Caroline Sebunya Goran and Cecilia Seifert Joy Sen Gang Bin Seo ’14 Tetsuo Serizawa Gary and Mel Seston Priya Sethuraman ’00 Syed Nadir Shah and Sabiha Sultan Vihang and Vaishali Shah Sophia Shaikh Satish and Anita Shankar Angelia Shao Pamela Sharma ’14 Rohan Sharma ’14 Sima Sharma ’14 Varini Sharma ’07 Dave and Sue Shepherd Hannah Shepherd ’14 Shantanu Shete and Sonali Gupta Sara and Salman Shoaib Jota and Claudia Shohtoku Nompendulo Shongwe ’10 Harmeet Singh and Dipika Bedi Yash Singh ’14 Raivat Singhania ’14 Rohit and Nishta Sipahimalani Richard and Zainab Slovenski Peter and Diana Smit Xander Smit ’14 Smith Smithangura Lotus Soh Mr and Mrs Sohmen-Pao Soo Yook Lin Agneta Spjut and Thomas Spjut Eriksson St John’s School Alumni Tord and Kimberly Stallvik Monica Stanciu Daniel and Jessica Steele Gregor Straehle ’14 Ambrish Sukhani Adam and Vandana Summerly Prasun Surana ’14 Swina International Pte Ltd Anna Sze ’14 Lydia Sze ’14 Pei Lyn Tan ’14

Tan Ah Lam Tan Bock Heng Tan Lee Hong Kartik Taneja Steven Tay Tay Wee Lam Nadinda Ayu Temenggung ’14 Tengku Rahimah ’84 Cecilia Teo Pleun Terpstra ’14 Julien Tham ’14 The Romita Shetty and Nasser Ahmad Foundation, Inc. Vireak They ’14 Henry and Yoshie Asahara Thio Pramote and Nantaka Thirakul Chris and Fleur Thomas Robbie Thomas ’14 Simon and Cinders Thomas Arvind and Niharika Tiku Armand Tiphonnet Cheri Toh David Toh Jason Toh ’02 Diandra Tolton ’14 Michele Toms ’93 Laurence Tournerie Mary Ann Tsao Robinson Annie and Nick Tsinonis Adam and Angela Turner Shalaka Uchil ’14 Sarah Usmani Timothy Uy ’14 Marc and Fabienne Van de Walle-Hankard Aurelie Van Oost ’14 The Van Wensveen-Zahir Family Hanna Varga ’14 Shriya Varghese ’14 Aditi Varshneya ’14 Sharanya Venkatesh ’14 Olivier Verbiest ’14 Herman Viljoen ’14 Gurpreet and Rupinder Vohra Wai Chee Hoong Sota Wakabayashi The Wallner Family


Wang Wee Seng Wang Yi Yi Benjamin Watson ’14 Bruno and Sekar Wauters Brenda Whately Julian and Buff Whiteley Wickmann Family Ashley Widjaja ’14 Moira and Chris Wilkinson Dr Win Si Thu and Dr Su Hla Han Alexandra Wong ’14 Bryce Wong ’14 Sarah Wong ’14 Christopher Worsdale ’14 Tiffany Wu ’14 Wu Shiou Lian Mark and Nicole Wyrill Nikolas Xanthopoulos ’14 Farhana Yaakob Mr and Mrs Wayne Yang Mr and Mrs Yaw Chee Ming Nicole Yaw ’14 Xavier Yip Yu Ki Jun Kalimah Haji Zainuri Luo Xiaoling and Zeng Jinli Zhang Wen Scott and Allison Ziemer Soofian and Fatima Zuberi Anonymous gifts made by 73 donors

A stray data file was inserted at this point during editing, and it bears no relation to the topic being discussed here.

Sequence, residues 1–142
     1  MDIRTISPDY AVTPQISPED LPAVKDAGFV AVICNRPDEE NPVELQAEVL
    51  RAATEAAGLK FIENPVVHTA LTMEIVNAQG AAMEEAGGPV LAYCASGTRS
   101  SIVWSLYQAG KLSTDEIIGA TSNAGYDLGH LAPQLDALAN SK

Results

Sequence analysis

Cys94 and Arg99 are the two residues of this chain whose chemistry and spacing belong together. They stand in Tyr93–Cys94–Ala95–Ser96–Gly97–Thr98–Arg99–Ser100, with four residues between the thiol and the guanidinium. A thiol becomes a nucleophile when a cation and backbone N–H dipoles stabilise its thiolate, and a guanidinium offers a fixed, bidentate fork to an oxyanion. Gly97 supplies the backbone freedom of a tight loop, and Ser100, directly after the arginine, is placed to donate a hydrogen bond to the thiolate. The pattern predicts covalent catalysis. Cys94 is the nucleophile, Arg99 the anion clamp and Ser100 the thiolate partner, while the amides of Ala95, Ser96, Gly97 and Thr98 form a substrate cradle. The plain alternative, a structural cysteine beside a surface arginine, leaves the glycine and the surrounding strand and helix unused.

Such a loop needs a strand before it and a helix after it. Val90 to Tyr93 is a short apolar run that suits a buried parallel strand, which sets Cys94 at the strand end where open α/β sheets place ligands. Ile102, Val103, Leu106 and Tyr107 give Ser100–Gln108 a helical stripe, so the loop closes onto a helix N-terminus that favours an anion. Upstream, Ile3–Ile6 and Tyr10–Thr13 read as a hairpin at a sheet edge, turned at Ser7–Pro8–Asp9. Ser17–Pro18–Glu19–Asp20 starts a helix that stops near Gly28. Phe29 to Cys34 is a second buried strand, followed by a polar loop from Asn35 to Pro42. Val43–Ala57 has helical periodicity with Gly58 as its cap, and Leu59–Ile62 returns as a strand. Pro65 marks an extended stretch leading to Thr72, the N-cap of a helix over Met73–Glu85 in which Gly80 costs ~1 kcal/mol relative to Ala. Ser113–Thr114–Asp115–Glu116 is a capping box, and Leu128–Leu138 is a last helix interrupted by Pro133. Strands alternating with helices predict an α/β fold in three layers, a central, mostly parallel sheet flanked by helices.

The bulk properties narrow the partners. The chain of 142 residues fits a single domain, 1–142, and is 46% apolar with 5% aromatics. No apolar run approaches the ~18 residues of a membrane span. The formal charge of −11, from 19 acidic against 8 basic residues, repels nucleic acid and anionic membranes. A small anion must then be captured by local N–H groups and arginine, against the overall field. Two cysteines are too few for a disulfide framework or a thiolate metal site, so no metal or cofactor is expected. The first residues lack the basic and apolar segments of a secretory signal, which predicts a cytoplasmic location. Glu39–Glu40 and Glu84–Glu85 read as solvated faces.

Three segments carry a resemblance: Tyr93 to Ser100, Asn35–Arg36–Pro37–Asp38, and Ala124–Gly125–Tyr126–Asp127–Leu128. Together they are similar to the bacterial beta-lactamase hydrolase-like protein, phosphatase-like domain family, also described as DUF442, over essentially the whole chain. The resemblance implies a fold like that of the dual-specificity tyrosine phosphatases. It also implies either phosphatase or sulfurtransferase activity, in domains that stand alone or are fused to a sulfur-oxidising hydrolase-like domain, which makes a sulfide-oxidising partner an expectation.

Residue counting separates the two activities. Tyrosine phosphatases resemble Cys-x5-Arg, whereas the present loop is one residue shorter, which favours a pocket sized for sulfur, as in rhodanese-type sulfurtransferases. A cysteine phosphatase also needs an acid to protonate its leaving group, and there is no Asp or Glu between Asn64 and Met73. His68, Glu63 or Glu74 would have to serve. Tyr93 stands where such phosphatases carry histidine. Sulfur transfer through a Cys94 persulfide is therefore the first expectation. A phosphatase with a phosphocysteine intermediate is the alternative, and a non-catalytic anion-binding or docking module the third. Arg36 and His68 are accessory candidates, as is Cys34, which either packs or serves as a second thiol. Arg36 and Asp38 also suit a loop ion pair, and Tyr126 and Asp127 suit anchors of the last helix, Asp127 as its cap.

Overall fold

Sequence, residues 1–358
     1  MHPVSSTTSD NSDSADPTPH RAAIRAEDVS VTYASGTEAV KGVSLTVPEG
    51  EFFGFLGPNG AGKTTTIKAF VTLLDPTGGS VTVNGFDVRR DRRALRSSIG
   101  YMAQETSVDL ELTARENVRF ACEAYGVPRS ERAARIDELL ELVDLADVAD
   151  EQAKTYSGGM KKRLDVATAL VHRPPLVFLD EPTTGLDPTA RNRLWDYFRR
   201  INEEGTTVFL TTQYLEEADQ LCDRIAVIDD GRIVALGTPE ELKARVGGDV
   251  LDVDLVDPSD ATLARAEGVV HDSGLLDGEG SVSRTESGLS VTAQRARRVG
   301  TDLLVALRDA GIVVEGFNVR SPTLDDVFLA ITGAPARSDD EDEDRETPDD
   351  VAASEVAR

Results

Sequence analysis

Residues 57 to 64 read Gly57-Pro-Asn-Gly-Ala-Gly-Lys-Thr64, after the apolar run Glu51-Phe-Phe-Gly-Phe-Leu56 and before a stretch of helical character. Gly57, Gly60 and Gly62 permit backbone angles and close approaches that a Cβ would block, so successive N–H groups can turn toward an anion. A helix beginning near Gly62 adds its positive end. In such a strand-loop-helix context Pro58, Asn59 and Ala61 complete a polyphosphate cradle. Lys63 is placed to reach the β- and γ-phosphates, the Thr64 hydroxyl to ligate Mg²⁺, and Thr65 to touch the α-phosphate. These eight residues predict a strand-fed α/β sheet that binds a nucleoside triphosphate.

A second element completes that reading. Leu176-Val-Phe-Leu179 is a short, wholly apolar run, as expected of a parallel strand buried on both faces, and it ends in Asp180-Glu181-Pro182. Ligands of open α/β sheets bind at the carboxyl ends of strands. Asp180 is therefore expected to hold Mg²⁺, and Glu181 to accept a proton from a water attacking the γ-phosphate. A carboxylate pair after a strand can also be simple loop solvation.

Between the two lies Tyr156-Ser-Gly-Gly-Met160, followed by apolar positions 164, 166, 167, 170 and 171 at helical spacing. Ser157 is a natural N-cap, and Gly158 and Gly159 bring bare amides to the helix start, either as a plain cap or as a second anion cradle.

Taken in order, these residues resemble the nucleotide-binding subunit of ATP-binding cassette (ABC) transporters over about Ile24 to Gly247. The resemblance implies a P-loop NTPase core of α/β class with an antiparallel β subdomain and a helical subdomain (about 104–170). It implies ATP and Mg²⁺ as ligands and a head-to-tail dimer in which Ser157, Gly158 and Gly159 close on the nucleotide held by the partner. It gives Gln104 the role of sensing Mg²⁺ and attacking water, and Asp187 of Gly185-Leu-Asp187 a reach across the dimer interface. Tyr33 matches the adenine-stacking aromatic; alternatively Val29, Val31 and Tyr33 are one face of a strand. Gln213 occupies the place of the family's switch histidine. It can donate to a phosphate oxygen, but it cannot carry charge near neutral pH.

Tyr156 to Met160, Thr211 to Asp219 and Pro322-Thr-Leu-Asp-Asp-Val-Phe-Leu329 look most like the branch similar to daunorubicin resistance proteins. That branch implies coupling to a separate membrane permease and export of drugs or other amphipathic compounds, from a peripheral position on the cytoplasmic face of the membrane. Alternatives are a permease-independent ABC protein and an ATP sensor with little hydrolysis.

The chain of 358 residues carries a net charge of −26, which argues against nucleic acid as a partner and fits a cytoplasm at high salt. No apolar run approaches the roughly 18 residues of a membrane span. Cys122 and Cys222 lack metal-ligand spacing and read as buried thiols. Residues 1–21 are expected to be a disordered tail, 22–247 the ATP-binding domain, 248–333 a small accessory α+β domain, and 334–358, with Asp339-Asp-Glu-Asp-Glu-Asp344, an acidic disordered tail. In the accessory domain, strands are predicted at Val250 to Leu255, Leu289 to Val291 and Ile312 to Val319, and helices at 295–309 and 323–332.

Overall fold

GIFTS IN KIND

VOLUNTEERS

Through the significant contributions of individuals, businesses and corporations, the Foundation has been able to provide even greater support to the College in achieving its vision of becoming a leader in international

UWCSEA is privileged to have a very enthusiastic and active volunteer community across all areas of College life. It is their generous support and commitment to the vision and values of the College that enables us to achieve so much.

education. Bain & Co. South East Asia Inc. Charles Ormiston Christine Chen CREATE David Chong & Co. Deutsche Bank AG Singapore Dr. and Mrs Jean-Francois and Anne Manzoni EFG Bank ETH Zürich Future Cities Laboratory Lateral Plains Nand and Jeet Khemka Foundation Mr and Dr Ajay and Dhooleka Raj Mrs Ruchira Agarwal Sassoon Family SIEMENS T.K. Lai Aqua Expeditions Fullerton Hotel

AMBASSADOR PROGRAMME The Ambassador Programme is an opportunity for parents and alumni to engage with the fundraising activities of the UWCSEA Foundation and promote College Advancement. The main role of the Ambassador Programme is to support the philanthropic activities of the College by encouraging awareness of the UWCSEA Foundation, and the range of programmes and initiatives that it supports. Sumita Ambasta Morten Andersen Jyoti Angresh Samantha Hague Midori Isozaki Lori Kaufman Anisha Kaul Navranjan Khanna Nauleen Kohli Ausra Larbey Henrik Mikkelsen Vinitha Mukherjee Mark Newman Dhooleka Raj Jenifer Raver Sanjay Sharma Simon Weston Jenny Windheim Helen Yang Susana Zilliacus

77


066COMâ&#x20AC;&#x201C;1415 | MCI (P) 087/04/2014